Heroes may not be braver than anyone else. They’re just braver five minutes longer. —Ronald Reagan
Churches are filled with individuals who have experienced abuse at the hands of another. Cancer doesn’t skirt the homes of believers. Loss occurs across faith boundaries. No, the church has its share of those who have lived through more than their share of evil and suffering.
God is good—really good—yet He doesn’t seem to do everything in His power to keep us from suffering. So what does that make God? When bad things happen to His people, does it negate His goodness? If so, how can I dance with that kind of God?
Let’s consider the American hero for a moment. The do-gooder who sweeps in at the last moment, saves the woman or child from danger, places them on solid ground, and then takes off again into the blue yonder.
He wears a cape. He protects people from harm. And then he leaves in a flash. Off to the next do-gooder task.
He’s dressed to impress. He saves. And he leaves.
And he leaves.
The fundamental distinction between a human-fabricated hero and the Uncreated Father is found in the leaving. While God doesn’t promise easy, He promises His presence.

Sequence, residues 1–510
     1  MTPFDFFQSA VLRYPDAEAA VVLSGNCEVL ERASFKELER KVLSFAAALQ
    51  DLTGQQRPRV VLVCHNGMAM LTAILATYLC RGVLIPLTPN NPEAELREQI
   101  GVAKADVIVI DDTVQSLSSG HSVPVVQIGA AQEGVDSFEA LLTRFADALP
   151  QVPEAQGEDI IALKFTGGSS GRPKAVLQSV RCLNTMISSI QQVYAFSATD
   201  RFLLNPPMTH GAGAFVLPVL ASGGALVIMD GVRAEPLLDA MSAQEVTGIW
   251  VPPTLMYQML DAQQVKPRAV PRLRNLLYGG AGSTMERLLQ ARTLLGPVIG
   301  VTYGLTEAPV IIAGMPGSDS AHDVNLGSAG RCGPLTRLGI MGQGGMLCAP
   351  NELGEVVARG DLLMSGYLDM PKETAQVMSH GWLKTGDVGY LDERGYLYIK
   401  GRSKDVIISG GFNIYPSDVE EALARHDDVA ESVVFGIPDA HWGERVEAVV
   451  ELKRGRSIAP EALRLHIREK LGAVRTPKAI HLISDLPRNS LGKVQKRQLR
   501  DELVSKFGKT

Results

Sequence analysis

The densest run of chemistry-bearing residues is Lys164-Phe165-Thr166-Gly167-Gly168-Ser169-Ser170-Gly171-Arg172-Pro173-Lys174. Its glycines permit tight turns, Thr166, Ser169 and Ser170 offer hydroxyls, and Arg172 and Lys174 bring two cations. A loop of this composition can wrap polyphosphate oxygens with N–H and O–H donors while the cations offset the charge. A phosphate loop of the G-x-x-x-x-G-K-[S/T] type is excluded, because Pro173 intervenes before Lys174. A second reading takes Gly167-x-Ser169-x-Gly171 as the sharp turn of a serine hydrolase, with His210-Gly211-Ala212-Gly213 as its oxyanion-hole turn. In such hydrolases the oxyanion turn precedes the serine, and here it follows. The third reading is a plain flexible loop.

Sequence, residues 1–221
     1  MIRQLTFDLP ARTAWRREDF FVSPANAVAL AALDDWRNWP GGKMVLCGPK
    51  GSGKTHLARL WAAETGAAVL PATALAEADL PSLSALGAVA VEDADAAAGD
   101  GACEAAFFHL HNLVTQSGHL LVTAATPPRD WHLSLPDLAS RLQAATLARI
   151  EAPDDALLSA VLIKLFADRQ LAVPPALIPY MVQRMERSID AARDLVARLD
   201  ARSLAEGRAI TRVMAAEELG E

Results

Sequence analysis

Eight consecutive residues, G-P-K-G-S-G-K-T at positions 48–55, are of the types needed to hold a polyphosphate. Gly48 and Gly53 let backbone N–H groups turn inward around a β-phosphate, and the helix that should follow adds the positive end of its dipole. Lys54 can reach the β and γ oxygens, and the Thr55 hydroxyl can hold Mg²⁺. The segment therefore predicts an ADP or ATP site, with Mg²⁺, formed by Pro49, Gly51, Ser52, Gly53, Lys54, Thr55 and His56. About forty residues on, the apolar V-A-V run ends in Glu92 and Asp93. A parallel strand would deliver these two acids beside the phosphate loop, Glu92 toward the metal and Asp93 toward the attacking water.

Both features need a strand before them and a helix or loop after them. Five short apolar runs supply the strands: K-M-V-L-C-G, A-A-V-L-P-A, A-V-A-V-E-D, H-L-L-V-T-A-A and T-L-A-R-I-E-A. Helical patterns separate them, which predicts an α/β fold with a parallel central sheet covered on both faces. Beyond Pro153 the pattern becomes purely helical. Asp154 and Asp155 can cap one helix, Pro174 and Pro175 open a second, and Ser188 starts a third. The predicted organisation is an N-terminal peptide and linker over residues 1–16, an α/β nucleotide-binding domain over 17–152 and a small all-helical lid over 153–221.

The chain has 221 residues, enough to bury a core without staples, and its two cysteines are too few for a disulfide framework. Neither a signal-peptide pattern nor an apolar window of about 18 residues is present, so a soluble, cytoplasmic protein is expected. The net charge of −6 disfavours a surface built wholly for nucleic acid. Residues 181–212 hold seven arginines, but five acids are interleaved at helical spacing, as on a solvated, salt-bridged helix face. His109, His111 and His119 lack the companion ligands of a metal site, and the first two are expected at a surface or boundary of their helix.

He’ll never take off into the blue yonder. Evil cannot scare Him away. He does not turn His head in our suffering. And it is His arms that break our fall in hard times. He is not a temporary hero; He is love.
Let Israel say: “His love endures forever.” Let the house of Aaron say: “His love endures forever.” Let those who fear the LORD say: “His love endures forever.” When hard pressed, I cried to the LORD…
The LORD is with me; I will not be afraid. What can mere mortals do to me? (Psalm 118:2-6a, emphasis mine)
God Before me, Behind me, Around me, and In me—mere mortals can do a lot. It’s the nature of abuse and oppression. But evil and suffering have stunted the growth of my trust abilities. Wrap me in Your presence the way a mother swaddles her child—tight, arms secured, so I can grasp nothing other than Your presence. Amen.